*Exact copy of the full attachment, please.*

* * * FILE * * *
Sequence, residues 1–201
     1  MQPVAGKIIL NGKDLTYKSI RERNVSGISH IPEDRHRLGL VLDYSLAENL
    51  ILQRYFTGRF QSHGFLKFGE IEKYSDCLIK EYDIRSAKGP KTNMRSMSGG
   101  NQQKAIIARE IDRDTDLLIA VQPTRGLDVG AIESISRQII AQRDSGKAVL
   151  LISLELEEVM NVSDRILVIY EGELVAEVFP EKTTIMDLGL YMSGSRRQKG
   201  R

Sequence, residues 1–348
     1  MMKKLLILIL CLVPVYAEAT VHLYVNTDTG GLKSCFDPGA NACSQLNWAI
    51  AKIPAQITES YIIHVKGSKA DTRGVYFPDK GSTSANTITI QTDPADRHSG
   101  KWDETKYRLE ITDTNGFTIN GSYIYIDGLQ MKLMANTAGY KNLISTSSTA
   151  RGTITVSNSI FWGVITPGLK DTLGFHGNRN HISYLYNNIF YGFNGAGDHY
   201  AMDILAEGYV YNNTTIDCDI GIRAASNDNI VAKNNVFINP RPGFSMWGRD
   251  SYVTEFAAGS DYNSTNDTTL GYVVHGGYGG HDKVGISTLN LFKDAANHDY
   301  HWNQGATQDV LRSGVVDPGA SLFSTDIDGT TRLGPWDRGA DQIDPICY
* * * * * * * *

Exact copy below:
Sequence, residues 1–201
     1  MQPVAGKIIL NGKDLTYKSI RERNVSGISH IPEDRHRLGL VLDYSLAENL
    51  ILQRYFTGRF QSHGFLKFGE IEKYSDCLIK EYDIRSAKGP KTNMRSMSGG
   101  NQQKAIIARE IDRDTDLLIA VQPTRGLDVG AIESISRQII AQRDSGKAVL
   151  LISLELEEVM NVSDRILVIY EGELVAEVFP EKTTIMDLGL YMSGSRRQKG
   201  R

Sequence, residues 1–348
     1  MMKKLLILIL CLVPVYAEAT VHLYVNTDTG GLKSCFDPGA NACSQLNWAI
    51  AKIPAQITES YIIHVKGSKA DTRGVYFPDK GSTSANTITI QTDPADRHSG
   101  KWDETKYRLE ITDTNGFTIN GSYIYIDGLQ MKLMANTAGY KNLISTSSTA
   151  RGTITVSNSI FWGVITPGLK DTLGFHGNRN HISYLYNNIF YGFNGAGDHY
   201  AMDILAEGYV YNNTTIDCDI GIRAASNDNI VAKNNVFINP RPGFSMWGRD
   251  SYVTEFAAGS DYNSTNDTTL GYVVHGGYGG HDKVGISTLN LFKDAANHDY
   301  HWNQGATQDV LRSGVVDPGA SLFSTDIDGT TRLGPWDRGA DQIDPICY